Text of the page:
East Africa is no different from any other place in the world. However, the usual precaution should be observed. Avoid displaying expensive possessions; walking through unlit urban areas at night, and follow the guide’s instructions in the bush. It is also recommended that you leave valuables and airline tickets in the hotel’s safe.
What currency is used in the East African countries of Kenya, Uganda and Tanzania?
A11: The official currency is the Kenya Shilling. Visitors to Kenya can exchange foreign currency at banks or authorized hotels and Foreign Exchange Bureaux. Most international currencies are easy to exchange in Kenya. Travelers cheques are widely accepted, and many hotels and restaurants accept credit cards. Most Banks in Kenya are equipped to advance cash on major international credit cards. There are no restrictions on the amount of foreign currency that can be brought into Kenya. Anyone wishing to take more than Kenya Shillings 500,000 out of the country will require written authorization from the Central Bank.
Tanzania and Uganda also accept foreign currency and credit cards but to a lesser extent. Please convert most of your currency in the major urban areas into the local shillings (the exchange rates are better in the cities) as doing so in the rural areas offer veritable challenges and this might create hurdles for the traveler.
I would like to know which languages are spoken in Kenya, Uganda and Tanzania?
English is the “language of communication” in East Africa. It is widely spoken in hotels, restaurants and visitor establishments. Swahili is East Africa’s national language. A little Swahili goes a long way in Kenya, Uganda and Tanzania, especially in the rural areas. It is worth learning a little, and most locals are thrilled to hear visitors attempt to use any Swahili at all. For example, “Jambo” means hello and is often the first word learnt by visitors to Kenya.
What immunizations are required?
In many cases, you won’t need any immunizations at all! For example, no immunizations are required to enter Kenya if arriving from the United States, Canada or Europe. We will address topics such as immunizations and general health considerations prior to your safari, however, please consult your local immunization clinic before you travel. It is always wise to carefully assess your health requirements before travelling abroad. The Centers for Disease Control (CDC) recommend a malaria prophylactic (just to be on the safe side—contracting malaria is highly unlikely).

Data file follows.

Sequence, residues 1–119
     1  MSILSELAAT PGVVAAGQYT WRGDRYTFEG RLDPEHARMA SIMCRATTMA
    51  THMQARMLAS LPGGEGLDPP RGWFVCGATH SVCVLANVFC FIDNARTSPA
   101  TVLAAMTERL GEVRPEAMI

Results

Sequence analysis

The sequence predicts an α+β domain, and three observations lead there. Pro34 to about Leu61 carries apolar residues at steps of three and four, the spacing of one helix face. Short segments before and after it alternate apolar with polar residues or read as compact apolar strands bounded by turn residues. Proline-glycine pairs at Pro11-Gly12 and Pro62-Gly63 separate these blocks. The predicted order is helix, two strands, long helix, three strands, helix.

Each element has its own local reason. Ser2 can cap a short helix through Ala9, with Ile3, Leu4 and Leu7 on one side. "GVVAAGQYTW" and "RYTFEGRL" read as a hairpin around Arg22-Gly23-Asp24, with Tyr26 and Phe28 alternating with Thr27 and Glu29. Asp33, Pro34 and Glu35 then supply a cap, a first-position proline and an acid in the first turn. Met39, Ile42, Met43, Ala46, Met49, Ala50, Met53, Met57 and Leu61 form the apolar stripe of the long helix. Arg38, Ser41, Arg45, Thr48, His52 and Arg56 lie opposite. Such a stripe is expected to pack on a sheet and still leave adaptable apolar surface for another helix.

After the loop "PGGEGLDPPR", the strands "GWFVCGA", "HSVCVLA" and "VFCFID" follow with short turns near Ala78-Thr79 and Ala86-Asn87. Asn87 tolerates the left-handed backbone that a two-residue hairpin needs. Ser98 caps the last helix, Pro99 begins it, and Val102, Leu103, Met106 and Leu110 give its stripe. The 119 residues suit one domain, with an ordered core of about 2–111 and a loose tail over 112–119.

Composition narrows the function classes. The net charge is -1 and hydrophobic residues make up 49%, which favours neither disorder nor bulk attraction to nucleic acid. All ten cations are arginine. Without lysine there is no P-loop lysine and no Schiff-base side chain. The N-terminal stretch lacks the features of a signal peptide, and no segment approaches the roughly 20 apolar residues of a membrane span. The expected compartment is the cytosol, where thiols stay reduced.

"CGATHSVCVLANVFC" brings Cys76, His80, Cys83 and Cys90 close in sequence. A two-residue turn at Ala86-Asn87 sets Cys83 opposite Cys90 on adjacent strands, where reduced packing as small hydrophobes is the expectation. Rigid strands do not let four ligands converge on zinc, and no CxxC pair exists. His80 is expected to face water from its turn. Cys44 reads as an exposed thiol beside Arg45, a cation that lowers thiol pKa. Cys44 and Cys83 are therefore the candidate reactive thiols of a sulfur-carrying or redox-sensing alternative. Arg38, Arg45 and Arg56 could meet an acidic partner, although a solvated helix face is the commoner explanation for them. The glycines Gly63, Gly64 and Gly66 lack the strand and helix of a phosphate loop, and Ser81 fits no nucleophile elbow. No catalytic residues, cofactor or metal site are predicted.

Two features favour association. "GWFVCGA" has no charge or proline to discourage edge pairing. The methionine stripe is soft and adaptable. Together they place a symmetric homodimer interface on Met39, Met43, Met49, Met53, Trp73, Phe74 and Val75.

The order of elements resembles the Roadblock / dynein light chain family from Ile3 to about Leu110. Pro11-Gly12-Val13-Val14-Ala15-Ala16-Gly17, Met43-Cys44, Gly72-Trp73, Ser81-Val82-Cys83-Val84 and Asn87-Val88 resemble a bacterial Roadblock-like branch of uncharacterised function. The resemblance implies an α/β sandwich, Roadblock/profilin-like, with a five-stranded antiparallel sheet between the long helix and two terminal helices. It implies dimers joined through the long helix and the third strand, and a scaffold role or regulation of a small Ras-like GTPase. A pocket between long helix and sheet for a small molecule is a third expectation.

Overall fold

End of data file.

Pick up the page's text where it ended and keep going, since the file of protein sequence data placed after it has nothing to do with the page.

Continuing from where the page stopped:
Are your safaris escorted?
Yes. Our established departures are escorted to enhance your enjoyment of the journey. In East Africa, travelers enjoy the services of an expert Safari Director, as well as a Driver Guide. In Southern Africa, a professional Tour Leader accompanies groups of six or more, in addition to a Game Ranger plus a Tracker in the bush. These delightful individuals have all been carefully selected to be representatives. Not only will they be your friends, teachers and companionable fellow travelers, but their presence also guarantees seamless passage through hotels and airports, plus delightful days on tour and in the bush. Your team also includes a Personal Concierge available twenty-four hours a day by phone, and in person at Nairobi hotels.
What type of clothing should I wear?
Upon booking your safari, you’ll receive documents that include a complete packing list. Suffice it to say, though, that your clothing should be comfortable and casual. Khaki, olive, brown and tan clothing increases your chances of seeing wildlife and offers the added benefit of concealing dirt. Since laundry service will be available in many of the places we visit, you should avoid the temptation to over-pack (and anyway, in most of Africa you will have a luggage weight limit of 33 pounds).
Do I need Travel Insurance?
Whether or not you buy travel insurance for your journey, as well as who you buy it from if you do, is entirely up to you. Our position is transparent: We wholeheartedly recommend that our guests have a policy that covers their trip, as travel insurance offers major advantages.
Are the evenings formal?
Evenings are not formal, unless you desire them to be. Casual, comfortable clothing is encouraged.
Will someone meet me at the airport?
Absolutely. As our valued guests, it is our pleasure to welcome you to our homeland. After passing through customs at your arrival airport, you will be greeted by our staff member who will take you as swiftly as possible to the comfort of your luxurious hotel.
When is the Great Migration?
The timing of the Great Migration can vary because it is heavily dependent upon the weather—specifically rain that brings the new grasses upon which wildebeest graze. If you want to witness this natural marvel, it’s best to talk to our specialist regarding the best time to plan your trip. In general, though, the following is accurate: